It’s difficult to exaggerate the level of stardom that Audrey Hepburn reached and her image created an aura of fame and celebrity that few have ever emulated. From Roman Holiday through Breakfast at Tiffany’s to My Fair Lady, her films made her incredibly popular and an icon who changed Film and the fashion industry. She probably can be compared to, say, the British Royal Princess Diana in her allure and appeal to people. All this from a relatively short career and one where she guarded her privacy zealously. So when she decided (after her Film career was essentially at an end) to spend her time, energy and own money working tirelessly as a spokeswoman for UNESCO, raising awareness of the terrible humanitarian crises they seek to ameliorate, everyone listened. It was very apparent that this wasn’t a rich dilettante but a committed, empathetic and spirited woman, visiting war-torn countries and using every bit of her fame to help people - especially children.
Q4. Tony Curtis on the other hand seems little known for his post-film career. Tell us more about his practice as an artist in later life. Was he always a broad creative or was his career change inspired by his turbulent life?
I believe Tony Curtis was a significantly underrated actor and star. He was very good looking and naturally gifted as an instinctive performer who, as a working-class kid from a blue-collar background, made it against all the odds. And in a range of films (some of which, like Sweet Smell of Success and Some Like It Hot, are film masterpieces) demonstrated his abilities as a serious actor and fine light comedian. Truthfully, he never had a “post-film career” as he carried on acting until a few years before his death - and in things like Insignificance and the stage musical version of Some Like it Hot he showed that he had lost none of his abilities. But in the 1970s, as roles became more variable in quality and frequency and his own personal problems increased, he turned increasingly to painting as a fresh form of creative expression. He took Art very seriously, was dedicated and prolific in its production and his work was exhibited widely and sold all over the world.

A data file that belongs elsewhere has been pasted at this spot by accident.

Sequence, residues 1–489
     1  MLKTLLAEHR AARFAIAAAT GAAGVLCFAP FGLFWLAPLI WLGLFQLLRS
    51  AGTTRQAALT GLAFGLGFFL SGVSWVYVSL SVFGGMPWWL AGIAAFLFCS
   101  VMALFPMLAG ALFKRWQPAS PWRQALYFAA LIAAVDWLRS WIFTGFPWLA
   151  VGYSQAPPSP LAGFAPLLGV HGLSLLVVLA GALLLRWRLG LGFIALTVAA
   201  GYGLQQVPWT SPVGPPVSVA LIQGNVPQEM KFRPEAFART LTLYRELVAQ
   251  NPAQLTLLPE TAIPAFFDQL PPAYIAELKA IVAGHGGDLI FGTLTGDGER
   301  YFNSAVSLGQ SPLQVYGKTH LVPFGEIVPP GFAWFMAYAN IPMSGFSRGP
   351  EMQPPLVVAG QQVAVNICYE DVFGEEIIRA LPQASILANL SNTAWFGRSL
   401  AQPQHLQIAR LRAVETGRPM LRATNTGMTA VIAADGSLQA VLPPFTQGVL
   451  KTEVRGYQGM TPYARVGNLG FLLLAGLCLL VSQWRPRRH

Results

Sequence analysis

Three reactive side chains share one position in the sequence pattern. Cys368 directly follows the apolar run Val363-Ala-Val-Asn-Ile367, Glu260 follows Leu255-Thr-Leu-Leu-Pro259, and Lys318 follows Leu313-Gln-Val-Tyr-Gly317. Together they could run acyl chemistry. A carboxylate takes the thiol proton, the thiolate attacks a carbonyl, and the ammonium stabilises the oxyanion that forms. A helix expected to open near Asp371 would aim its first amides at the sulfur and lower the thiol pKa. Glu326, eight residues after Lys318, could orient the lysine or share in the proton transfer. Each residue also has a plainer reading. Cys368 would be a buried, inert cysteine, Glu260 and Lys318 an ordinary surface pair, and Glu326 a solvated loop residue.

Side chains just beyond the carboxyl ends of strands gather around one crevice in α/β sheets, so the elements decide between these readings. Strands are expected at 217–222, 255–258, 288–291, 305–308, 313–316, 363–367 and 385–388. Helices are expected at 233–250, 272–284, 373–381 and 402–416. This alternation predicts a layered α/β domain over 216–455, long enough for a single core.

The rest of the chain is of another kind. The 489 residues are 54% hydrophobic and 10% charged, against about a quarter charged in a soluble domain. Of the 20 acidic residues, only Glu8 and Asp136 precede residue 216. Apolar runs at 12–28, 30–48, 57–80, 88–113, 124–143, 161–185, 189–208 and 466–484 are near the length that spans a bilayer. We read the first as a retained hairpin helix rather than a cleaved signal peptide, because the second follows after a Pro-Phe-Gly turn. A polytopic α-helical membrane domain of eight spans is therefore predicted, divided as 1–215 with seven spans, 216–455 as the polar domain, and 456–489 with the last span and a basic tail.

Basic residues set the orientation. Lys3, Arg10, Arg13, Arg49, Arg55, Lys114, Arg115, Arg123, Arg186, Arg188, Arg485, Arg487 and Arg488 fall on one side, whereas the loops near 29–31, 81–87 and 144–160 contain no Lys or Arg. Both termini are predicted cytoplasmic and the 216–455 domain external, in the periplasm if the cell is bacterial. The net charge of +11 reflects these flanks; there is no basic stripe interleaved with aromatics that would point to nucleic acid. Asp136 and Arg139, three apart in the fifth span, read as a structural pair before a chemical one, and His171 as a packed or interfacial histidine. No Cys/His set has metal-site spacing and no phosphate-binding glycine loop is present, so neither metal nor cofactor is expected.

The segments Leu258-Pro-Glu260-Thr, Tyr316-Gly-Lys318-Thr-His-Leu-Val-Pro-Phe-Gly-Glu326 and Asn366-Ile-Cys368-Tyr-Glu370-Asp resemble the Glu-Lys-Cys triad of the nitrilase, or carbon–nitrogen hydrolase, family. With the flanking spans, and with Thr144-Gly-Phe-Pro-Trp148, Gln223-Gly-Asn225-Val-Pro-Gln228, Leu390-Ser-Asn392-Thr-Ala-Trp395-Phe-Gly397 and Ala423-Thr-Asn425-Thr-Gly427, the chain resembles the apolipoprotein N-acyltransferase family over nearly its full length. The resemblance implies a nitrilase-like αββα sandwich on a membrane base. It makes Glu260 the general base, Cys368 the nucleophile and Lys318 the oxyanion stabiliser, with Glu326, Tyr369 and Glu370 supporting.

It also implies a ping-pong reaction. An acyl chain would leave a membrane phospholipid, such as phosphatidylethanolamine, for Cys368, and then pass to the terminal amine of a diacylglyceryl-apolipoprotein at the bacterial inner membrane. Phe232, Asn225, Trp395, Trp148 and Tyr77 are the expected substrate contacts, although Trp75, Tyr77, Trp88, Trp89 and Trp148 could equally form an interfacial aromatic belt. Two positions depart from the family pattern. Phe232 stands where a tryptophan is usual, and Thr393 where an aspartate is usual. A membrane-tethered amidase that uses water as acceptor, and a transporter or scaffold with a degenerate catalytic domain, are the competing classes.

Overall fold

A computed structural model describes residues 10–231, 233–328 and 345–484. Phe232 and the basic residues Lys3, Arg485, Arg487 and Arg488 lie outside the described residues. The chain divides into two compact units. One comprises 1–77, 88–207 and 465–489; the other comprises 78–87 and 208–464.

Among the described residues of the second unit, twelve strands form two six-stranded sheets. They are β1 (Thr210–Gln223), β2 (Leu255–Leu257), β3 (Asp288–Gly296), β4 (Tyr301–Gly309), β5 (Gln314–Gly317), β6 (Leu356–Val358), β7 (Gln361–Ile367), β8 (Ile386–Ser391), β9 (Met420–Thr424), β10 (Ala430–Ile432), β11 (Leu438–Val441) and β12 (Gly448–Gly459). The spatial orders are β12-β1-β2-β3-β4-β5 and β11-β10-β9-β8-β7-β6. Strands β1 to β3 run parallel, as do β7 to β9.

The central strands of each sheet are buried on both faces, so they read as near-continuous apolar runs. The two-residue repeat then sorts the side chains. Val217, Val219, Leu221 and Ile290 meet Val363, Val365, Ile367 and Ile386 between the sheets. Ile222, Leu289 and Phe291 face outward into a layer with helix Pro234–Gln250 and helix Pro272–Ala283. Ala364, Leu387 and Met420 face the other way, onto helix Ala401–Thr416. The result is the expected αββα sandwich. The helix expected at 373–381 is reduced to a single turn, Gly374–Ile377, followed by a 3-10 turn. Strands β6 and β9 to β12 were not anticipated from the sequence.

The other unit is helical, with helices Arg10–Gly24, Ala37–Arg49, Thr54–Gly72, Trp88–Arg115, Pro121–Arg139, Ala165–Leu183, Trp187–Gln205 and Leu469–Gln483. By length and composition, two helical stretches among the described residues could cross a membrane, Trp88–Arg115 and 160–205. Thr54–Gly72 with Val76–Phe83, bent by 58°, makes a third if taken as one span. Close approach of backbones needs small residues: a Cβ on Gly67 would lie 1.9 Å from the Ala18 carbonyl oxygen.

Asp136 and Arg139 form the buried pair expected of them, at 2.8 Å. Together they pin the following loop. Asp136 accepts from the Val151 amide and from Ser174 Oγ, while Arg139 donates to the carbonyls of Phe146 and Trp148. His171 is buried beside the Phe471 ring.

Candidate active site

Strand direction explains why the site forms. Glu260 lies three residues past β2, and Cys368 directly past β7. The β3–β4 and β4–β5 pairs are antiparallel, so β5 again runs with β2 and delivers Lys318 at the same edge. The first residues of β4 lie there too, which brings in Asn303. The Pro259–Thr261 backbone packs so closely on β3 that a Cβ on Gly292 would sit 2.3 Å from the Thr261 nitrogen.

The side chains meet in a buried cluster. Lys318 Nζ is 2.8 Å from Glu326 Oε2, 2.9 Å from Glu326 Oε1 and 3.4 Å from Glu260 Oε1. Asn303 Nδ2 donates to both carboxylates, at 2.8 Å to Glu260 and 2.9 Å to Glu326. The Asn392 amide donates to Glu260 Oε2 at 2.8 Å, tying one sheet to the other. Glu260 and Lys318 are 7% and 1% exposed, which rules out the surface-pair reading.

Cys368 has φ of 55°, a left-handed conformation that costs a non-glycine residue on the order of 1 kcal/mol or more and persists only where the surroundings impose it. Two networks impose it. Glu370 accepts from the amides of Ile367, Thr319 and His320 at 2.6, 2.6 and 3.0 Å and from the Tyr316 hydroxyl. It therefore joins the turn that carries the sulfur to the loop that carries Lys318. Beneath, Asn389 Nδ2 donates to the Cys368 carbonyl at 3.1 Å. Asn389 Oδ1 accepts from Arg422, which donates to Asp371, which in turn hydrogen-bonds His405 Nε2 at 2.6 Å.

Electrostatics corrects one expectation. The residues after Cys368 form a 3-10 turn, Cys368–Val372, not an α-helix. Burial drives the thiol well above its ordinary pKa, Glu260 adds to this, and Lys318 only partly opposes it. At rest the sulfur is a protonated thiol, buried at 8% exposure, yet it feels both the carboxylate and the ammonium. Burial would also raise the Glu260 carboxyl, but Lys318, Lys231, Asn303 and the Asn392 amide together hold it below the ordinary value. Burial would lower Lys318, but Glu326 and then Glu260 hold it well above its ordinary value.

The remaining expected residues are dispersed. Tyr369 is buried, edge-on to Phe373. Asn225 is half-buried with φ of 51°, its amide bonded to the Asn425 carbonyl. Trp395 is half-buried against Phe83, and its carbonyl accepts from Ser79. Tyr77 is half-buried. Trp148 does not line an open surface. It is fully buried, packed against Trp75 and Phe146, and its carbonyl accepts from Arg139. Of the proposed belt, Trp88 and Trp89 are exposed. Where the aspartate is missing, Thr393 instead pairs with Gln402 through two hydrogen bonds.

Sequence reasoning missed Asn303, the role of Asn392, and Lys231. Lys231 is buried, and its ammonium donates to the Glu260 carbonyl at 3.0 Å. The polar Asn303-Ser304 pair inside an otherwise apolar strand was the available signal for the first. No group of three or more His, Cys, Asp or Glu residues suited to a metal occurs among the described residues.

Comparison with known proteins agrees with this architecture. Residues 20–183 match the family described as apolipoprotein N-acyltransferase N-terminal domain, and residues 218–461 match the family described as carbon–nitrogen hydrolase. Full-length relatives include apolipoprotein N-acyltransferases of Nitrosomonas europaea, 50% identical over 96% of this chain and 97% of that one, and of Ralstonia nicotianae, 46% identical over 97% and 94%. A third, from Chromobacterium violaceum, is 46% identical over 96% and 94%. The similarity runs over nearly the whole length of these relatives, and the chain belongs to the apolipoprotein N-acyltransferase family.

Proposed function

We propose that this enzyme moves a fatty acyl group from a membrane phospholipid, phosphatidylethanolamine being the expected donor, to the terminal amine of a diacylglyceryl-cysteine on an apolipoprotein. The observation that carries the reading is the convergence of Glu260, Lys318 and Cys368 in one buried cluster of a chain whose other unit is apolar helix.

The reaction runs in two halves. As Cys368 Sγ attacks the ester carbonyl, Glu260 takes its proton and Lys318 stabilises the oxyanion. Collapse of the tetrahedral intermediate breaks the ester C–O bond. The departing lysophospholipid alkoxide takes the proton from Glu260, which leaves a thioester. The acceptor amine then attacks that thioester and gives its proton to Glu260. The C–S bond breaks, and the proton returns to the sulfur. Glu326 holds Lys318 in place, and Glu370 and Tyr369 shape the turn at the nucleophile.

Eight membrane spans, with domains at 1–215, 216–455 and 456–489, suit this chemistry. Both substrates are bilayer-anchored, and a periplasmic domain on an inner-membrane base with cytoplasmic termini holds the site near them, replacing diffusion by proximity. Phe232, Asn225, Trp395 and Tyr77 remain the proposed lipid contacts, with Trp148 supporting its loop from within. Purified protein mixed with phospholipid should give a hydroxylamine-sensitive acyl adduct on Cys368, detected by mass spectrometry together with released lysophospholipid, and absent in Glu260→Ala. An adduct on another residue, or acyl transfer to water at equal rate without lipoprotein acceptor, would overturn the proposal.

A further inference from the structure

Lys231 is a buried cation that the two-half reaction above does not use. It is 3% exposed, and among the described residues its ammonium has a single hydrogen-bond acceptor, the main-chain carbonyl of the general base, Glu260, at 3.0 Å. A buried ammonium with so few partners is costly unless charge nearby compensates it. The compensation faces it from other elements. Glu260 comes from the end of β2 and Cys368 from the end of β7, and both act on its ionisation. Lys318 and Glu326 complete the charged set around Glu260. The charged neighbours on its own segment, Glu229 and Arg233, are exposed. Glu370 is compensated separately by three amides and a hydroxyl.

Q5. Who are some contemporary screen performers you think are today acting as trailblazers in Hollywood and beyond?
Comparing the trailblazers in these talks to contemporary performers is difficult because so much has changed about both society and the Movie Industry and often it might be artists or performers in other mediums (such as music stars) or even TV presenters (think Oprah Winfrey perhaps) who may have had a more significant impact than a particular actor. Nevertheless it’s clear if you look at the work of Daniel Day Lewis, Gary Oldman or Sean Penn, their risk-taking in terms of performance is very much in the spirit of Brando. As is the work of Denzel Washington or Halle Berry or Viola Davis (also acknowledging Poitier ‘s giant shadow). And whilst there is no direct equivalent to Tony Curtis, his versatility can be seen on screen by someone like Robert Downey Jnr or Chris Pine. Audrey Hepburn is also completely unique but in using her fame for significant charitable causes Angelina Jolie is certainly carrying at least some of that baton forward.